Actor Jim Caviezel talks about Madison

Madison is a sports drama full of thrilling boat races with deadly accidents and tense competitions. But what appealed to star Jim Caviezel were the family themes of the piece. The true story of the 1971 Madison, Indiana hydro-plane regatta tells of a poor town where people are leaving to find work, and the man who sticks it out to revitalize his home.

"The father has an opportunity to go and take a job in another town, everyone is leaving and rightly so, he has to find work," Caviezel said. "But the story is seen through the boy's eyes, and seeing through that, yeah, you could make more money and do something there, but the integrity of character and all the hardships and triumphs, this is what the story is about to me."

Caviezel met the real family of Jim McCormick, the character he plays in the film. "I spent a lot of time with Bonnie [McCormick] and talking to her and asking her about stories. 'What did he do in this situation?' I talked to his son. I kept going back to that point where his son kept looking at him and to me when he looked up and saw his dad, it was like how many fathers, number one, ever get to feel that ever because they don't want a kid. Or if they have a kid they'll accept responsibility and so much of American families and families in general don't experience this kind of thing. When I saw this footage, I said I've got to make this movie because that's what it's about to me, the family."

Past experience has shown Caviezel that middle American audiences do respond to the right kinds of movies, and he hopes Madison follows in tradition. "I think there's a big market in middle America and I think that it's been shown that there's a huge market out there. Business is business. It's money. And I've talked to people and I said, 'If you go to films that you don't like for your kids and you support them, those are the films that are going to get made.' The films whether it's Passion or Madison, whether you go or don't go, that's what gets made. It's wherever the dollar goes, that's what gets made."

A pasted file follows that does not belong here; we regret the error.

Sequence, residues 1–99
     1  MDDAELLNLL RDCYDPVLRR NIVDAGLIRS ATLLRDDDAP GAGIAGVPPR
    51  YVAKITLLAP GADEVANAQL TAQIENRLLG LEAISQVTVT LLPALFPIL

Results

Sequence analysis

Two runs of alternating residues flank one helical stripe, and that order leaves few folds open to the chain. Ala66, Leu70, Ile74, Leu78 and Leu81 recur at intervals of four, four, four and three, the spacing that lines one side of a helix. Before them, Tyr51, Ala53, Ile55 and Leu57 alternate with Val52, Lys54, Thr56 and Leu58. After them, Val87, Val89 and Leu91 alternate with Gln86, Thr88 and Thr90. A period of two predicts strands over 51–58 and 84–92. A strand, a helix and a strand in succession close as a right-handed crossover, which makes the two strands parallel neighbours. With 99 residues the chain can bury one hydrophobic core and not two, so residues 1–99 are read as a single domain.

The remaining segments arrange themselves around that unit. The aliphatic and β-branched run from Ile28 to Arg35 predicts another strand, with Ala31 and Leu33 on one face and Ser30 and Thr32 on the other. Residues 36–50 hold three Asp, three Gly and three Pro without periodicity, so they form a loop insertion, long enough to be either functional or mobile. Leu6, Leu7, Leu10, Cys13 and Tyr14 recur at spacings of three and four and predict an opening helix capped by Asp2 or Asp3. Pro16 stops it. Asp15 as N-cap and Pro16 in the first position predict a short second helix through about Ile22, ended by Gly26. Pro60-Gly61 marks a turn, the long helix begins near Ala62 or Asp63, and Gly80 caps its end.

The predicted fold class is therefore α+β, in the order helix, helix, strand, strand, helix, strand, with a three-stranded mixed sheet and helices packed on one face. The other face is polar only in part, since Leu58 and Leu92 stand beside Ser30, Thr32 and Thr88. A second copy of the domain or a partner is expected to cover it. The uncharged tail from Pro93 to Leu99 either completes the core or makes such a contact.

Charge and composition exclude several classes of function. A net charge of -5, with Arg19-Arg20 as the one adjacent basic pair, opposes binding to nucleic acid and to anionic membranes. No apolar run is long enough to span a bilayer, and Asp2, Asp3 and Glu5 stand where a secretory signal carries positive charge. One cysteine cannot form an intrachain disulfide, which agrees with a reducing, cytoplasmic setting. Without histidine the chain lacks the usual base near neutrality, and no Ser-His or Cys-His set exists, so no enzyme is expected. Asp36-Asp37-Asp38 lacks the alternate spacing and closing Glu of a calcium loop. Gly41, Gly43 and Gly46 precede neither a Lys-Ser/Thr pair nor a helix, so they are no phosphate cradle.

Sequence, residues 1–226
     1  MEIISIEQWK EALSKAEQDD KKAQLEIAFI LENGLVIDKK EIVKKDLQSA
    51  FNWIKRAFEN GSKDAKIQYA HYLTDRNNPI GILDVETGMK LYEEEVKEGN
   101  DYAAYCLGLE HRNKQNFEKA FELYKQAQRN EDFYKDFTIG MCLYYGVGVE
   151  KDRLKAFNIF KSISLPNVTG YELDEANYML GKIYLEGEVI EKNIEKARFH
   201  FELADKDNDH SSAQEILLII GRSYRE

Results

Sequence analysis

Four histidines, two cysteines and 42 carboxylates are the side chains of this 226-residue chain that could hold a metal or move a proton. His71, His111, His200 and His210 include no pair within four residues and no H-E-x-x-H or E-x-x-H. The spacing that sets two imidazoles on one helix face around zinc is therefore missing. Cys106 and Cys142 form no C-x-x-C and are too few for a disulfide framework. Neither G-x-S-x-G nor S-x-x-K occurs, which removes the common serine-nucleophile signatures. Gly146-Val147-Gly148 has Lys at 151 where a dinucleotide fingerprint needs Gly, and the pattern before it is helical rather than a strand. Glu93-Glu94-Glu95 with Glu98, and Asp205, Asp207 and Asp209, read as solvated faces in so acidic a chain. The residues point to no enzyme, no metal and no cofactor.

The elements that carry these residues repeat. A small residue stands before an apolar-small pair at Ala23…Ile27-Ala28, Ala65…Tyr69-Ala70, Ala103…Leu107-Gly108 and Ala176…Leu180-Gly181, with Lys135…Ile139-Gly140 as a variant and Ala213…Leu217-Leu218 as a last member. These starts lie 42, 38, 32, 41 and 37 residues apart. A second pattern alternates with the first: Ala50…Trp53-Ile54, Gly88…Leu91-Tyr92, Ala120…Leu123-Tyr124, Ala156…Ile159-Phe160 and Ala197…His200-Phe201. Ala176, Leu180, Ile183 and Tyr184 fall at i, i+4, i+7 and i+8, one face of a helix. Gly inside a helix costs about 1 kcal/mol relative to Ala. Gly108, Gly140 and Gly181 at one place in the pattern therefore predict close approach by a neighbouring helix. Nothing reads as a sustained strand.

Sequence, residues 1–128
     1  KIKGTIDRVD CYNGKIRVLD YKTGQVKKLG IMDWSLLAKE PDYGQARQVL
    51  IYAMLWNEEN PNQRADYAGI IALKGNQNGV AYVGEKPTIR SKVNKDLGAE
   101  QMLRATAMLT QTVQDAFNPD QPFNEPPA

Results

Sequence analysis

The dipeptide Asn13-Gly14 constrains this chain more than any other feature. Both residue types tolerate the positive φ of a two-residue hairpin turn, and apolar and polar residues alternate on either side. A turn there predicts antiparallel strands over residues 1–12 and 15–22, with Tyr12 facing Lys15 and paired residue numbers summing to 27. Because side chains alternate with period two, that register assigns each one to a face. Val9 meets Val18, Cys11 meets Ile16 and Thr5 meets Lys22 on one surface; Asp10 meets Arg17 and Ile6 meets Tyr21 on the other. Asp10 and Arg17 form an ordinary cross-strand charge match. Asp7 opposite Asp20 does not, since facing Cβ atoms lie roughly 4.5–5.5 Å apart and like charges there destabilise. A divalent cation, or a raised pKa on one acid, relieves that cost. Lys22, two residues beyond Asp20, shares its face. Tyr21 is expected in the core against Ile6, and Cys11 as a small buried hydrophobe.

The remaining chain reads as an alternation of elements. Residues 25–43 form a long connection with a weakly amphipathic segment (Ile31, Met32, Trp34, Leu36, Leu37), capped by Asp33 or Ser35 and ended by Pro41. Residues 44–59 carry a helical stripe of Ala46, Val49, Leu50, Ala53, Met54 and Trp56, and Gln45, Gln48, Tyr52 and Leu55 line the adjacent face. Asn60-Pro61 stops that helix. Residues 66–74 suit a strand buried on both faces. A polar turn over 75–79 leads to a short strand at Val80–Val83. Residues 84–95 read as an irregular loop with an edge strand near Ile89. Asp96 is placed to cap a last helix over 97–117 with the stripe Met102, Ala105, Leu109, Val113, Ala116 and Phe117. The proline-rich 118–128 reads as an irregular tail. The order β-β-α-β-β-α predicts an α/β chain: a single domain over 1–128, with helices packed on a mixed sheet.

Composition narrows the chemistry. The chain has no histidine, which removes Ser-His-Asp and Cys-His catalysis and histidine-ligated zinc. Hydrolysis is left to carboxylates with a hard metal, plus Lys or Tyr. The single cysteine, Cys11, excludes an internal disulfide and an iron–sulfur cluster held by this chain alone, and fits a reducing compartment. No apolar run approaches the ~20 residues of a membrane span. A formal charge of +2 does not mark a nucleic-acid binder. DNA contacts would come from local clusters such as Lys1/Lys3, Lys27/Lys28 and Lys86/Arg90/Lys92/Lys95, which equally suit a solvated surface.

The 2001 film did not find distribution until 2005, despite high marks from festivals. "You look at independent films and if you can get them on the screen you're lucky. And we showed this at Sundance and Jeff Gilmore, I remember, came up to me afterwards and he runs Sundance there, and he said that Redford saw the film, and that it wasn't really the kind of film that they normally show here. He said that it just touched the both of them. They showed it there and it got a great reaction. It got a standing ovation and it's still an independent film and at the end of the day we were lucky to make it happen.

I gave my salary up for this film because we ran out of money and they were continually trying to make these boats float, the old ones and they were just killing us. So you have a story about a guy trying to keep the boat floating, we had a film crew running around trying to do the same thing."

As the film portrays many of the fatal accidents that can occur in the races, Caviezel recalled the true stories. "In fact, one race, three different men, it was the Capital Cup in I think 1971 and 1972, and Nixon, the president would give the trophy, and in that race three drivers died in three different accidents. They had to stop the race, pull a body out and start again. But what they've done now is that those were the old World War II engines and now they're using turbines, jet engines. They go a lot faster now, but they also have a cockpit and back then, throwing you from the wreck, there was no seat belt. They wanted you to be thrown from the wreck. That was your only chance of survival."

Caviezel had a driver with him, but still considered riding in the boats the most dangerous thing he's ever done. "It's not just being in a race car. It's a wake. If the water changes in just a little tiny way, it can make that boat go air born. The only thing that's keeping that thing from flying is wings. But if there's any air that gets underneath it they fly and if the driver doesn't get out of the boat in time, he gets crushed to death."

Madison is now playing in select cities.